The Arrow pricing engine adjusts the benchmark according to risk assessments of the AMM's obligations. To inform these risk assessments, we run scenario analyses to evaluate bad-case future hedging costs. This approach is inspired by indifference pricing, where the price charged makes the market maker indifferent to taking on the additional risk of a new option given some model-specific assessment of the risk of holding that position.
It is worth explaining this connection in more detail. Note that roughly, we want to adjust the baseline price to help keep the probability of high future hedging costs low:
\begin{align*} \mathbb{P}\left(\sum_{c} \eta_c p_{t+s}^c - \Delta_{t} S_{t+s} + B \geq f \right) < \epsilon \end{align*}
where
$f$
is a capital bound, and
$\epsilon$
is a probability bound,
$s$
is the time horizon for the rebalance, and where the distribution is over
$S, \sigma$
. The summation is over all weights and time
$t+s$
prices of contracts on the book, and the
$\Delta_t$
and
$B$
correspond to the time
$t$
replicating portfolio weights.
If we do some analysis of this bound, we see that:
\begin{align*} \mathbb{P}\left(\sum_{c} \eta_c p_{t+s}^c- \Delta_{t} S_{t+s} + B \geq f \right) \leq e^{\theta(B-f)} \, \mathbb{E}\left[e^{-\theta ( \sum_{c} \eta_c p_{t+s}^c - \Delta_{t} S_{t+s} )} \right] \end{align*}
which corresponds to the entropic risk bound that the entropic value at risk indifference price is drawn from when
$\theta = \theta^{*} >0$
is set to hit the lower bound of the RHS. To use this to get the price of some option
$c'$
we choose a price to keep this probability bound unchanged. Specifically, we choose
$p(c')$
s.t.
$e^{\theta^* p(c')} \mathbb{E}\left[e^{-\theta^* ( \sum_{c} \eta_c p_{t+s}^c + p_{t+s}(c')- \Delta_{t} S_{t+s} )} \right] =\mathbb{E}\left[e^{-\theta^* ( \sum_{c} \eta_c p_{t+s}^c - \Delta_{t} S_{t+s} )} \right]$
In other words
\begin{align*} p(c') = - \frac{1}{\theta^*} \log \mathbb{E}\left[e^{-\theta^* ( \sum_{c} \eta_c p_{t+s}^c + p_{t+s}(c')- \Delta_{t}S_{t +s})}\right] + \frac{1}{\theta^*} \log \mathbb{E}\left[e^{-\theta^* ( \sum_{c} \eta_c p_{t+s}^c - \Delta_{t} S_{t+s})}\right] \end{align*}
This corresponds to the entropic indifference price. It can be shown that this formulation sets prices in a way that is equivalent to the case where the market maker is optimizing a CARA utility function over future payouts. In general, this will not be equal to the benchmark price of the same contract given the market implied volatility (even if the AMM has nothing on its book). The difference between the two prices represents the spread adjustment which reflects the additional risk considerations of the AMM (note the sign convention in the above implies the AMM is selling).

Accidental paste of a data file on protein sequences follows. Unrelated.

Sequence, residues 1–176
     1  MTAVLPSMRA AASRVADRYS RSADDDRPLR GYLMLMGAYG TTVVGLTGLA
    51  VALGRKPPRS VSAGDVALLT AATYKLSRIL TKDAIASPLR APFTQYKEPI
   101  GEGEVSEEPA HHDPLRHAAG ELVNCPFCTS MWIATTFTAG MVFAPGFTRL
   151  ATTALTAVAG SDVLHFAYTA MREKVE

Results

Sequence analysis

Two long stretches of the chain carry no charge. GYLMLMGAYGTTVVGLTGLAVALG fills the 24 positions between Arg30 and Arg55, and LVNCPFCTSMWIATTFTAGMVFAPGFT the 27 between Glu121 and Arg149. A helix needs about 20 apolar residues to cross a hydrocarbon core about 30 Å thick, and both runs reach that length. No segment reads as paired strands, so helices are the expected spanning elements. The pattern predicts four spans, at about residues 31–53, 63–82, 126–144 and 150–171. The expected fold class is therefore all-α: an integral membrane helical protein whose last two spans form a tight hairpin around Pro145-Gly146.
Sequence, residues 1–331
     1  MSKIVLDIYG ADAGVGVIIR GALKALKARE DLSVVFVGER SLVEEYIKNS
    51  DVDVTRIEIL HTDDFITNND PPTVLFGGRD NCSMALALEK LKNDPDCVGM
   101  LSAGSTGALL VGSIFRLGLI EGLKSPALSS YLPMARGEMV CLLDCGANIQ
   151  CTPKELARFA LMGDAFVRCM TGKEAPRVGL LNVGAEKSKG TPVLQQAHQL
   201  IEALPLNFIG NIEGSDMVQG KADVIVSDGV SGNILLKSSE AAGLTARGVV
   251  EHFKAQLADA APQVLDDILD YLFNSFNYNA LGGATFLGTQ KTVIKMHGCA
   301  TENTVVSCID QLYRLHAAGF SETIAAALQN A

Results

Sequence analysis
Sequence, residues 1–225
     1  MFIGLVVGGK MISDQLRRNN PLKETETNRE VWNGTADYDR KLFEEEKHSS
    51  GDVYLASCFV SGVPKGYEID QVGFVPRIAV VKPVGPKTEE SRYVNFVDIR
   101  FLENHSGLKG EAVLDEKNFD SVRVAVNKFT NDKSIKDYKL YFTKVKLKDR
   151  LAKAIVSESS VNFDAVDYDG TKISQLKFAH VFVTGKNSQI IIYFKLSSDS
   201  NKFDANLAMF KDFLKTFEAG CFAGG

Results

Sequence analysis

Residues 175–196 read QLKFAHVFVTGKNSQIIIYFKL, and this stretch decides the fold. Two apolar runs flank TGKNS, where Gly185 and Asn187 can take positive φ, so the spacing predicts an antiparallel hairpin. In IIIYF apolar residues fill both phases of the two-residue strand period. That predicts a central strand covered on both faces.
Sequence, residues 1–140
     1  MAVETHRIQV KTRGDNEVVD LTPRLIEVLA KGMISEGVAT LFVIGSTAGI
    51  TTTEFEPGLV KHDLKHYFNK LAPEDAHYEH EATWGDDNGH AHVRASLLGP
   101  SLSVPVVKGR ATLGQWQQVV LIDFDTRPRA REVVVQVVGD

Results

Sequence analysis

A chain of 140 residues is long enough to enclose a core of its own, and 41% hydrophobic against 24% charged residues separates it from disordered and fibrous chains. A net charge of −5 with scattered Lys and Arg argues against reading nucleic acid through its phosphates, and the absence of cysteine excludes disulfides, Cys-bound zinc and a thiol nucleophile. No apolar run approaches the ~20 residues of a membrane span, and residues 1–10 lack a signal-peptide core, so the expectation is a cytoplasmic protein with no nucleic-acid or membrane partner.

Other indifference pricing models, like conditional value at risk, yield similar results, but the emphasis on the marginal cost to each contract comes as a function of the choice of risk measure. In any case, the prices are chosen to satisfy some key qualitative properties that our simple adjustments also reflect.

## Key Qualitative Features of Indifference Prices

• Prices increase when the marginal contribution to the probability of high future costs increases, where the costs are measured by the risk measure.
• The entropic risk measure places more weight on highly unlikely paths with extreme realizations.
• The value-at-risk measure generates compensation for contracts that contribute to losses in certain quantiles, like the 1% or 5% levels.
• Prices decrease when a contract reduces bad-case hedging cost probabilities.
• The risk is assessed based on future costs in bad cases, whether a 1% largest loss in VAR or the weight on a tail path in the ERM

## Implementation

Rather than using the general exponential expression, which involves Monte Carlo simulations over paths whose construction is nontrivial and requires some subtle conditioning glossed over by the above notation, our practical implementation breaks this analysis into a few key steps that can be checked in python or C++ code in milliseconds. The approach we adopt also does not require assumptions about the distribution of
$S$
and hence can incorporate a variety of factors explicitly, including jump risk and vega risk. The price adjustments we obtain have the same qualitative features of indifference prices, and reflect essentially a tailored risk measure.
During the development of these rules, the Arrow team was advised by former options market makers from Citadel and Optiver as well as crypto-native options market making partners.